Agriculture Impasse Between U.S., EU Dims Prospects for Concluding Doha by Year-End

Original Publication Date: 
9 April, 2006
The prospects for successfully concluding the Doha Round of World Trade Organization talks by the end of the year appear to have dwindled significantly in recent weeks, sources said April 7, as the United States and the European Union continue to be at odds over the make-or-break issue of agriculture.

Rufus H. Yerxa, deputy director-general of the WTO, said he remains 'quite optimistic' that the talks will succeed given the recognition by WTO members of the stakes involved.

But he conceded at a conference here organized by Columbia University that the principle challenge continues to be 'rich-country agriculture,' where the United States and the EU have been at loggerheads for years.

Yerxa said that, in his view, a combination of 'power, legitimacy, and clarity of purpose' will be required of key WTO members to set the stage for progress and eventual success.

'That's what leaders have to bring to this equation to make it happen,' he said, adding that the EU will have to move on agricultural market access, the United States will have to show flexibility on domestic support for the agriculture sector, and advanced developing countries such as India and Brazil will have to move on nonagricultural market access and services.

'We're at a stage in the negotiations now where the focus is very much on [that] triangle of issues among major players,' Yerxa said.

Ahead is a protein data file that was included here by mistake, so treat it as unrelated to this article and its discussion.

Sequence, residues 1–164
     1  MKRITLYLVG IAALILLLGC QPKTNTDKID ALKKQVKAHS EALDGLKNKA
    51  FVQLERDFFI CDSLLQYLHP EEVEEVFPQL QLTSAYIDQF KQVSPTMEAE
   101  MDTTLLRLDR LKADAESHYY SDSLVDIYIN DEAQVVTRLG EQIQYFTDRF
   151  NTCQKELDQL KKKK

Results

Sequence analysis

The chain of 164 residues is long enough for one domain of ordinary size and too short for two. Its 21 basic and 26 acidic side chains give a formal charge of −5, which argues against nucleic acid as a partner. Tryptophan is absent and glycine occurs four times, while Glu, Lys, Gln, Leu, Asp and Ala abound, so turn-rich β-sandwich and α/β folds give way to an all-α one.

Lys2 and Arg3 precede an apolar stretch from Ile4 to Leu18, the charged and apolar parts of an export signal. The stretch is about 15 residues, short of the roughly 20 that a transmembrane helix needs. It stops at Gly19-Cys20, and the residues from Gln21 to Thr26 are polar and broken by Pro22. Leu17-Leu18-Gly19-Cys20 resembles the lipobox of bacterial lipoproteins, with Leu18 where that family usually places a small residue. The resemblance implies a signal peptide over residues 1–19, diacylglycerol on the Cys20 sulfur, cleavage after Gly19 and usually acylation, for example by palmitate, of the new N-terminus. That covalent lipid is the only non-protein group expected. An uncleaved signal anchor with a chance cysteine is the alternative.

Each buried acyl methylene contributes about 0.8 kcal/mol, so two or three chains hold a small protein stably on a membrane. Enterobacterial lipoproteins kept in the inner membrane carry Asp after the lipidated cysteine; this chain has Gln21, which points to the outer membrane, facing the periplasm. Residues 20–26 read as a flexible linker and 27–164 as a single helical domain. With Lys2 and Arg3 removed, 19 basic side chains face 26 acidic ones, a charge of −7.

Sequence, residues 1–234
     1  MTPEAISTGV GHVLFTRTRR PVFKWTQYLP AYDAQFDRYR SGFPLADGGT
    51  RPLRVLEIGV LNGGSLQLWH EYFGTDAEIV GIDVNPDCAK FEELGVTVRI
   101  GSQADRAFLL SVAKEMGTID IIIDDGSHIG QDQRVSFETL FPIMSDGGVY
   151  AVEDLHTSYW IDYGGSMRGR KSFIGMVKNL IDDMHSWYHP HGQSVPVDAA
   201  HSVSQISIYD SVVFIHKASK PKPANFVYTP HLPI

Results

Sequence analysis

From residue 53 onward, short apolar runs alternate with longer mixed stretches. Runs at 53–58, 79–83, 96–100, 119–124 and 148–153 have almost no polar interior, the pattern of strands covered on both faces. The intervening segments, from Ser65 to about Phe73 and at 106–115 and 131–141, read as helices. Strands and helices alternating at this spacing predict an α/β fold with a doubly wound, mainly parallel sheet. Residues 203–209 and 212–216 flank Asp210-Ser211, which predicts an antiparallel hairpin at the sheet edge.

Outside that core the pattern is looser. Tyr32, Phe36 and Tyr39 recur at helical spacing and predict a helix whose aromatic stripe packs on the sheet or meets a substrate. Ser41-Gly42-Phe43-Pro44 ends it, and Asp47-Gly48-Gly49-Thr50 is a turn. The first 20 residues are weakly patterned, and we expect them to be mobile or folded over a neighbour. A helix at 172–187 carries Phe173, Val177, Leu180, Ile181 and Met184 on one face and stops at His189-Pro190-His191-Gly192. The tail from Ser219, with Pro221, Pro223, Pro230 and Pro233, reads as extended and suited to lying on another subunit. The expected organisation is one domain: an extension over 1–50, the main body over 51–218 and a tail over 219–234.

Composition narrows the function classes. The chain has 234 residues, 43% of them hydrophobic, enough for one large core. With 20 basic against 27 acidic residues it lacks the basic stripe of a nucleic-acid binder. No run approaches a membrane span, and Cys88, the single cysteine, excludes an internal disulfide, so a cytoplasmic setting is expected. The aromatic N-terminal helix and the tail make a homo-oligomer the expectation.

Doha to Last Few More Years?

At the WTO ministerial conference in Hong Kong last December, trade ministers set a deadline of the end of April 2006 for reaching agreement on the negotiating modalities--including formulas and figures--for agriculture and NAMA, and a target date of the end of July for similar modalities for services.

The ministers also set a deadline of the end of 2006 for completing the talks--although most observers now consider that to be unrealistic.

Other sources said that, in their view, the Doha Round, which was launched in November 2001, can be expected to last another few years--at least--as the Europeans continue to dig in their heels on agriculture and elections in the United States and Europe prevent movement on either side.

'I don't think the negotiations are going anywhere,' said Robert Howse, a professor of law at the University of Michigan. 'It will be a multi-year effort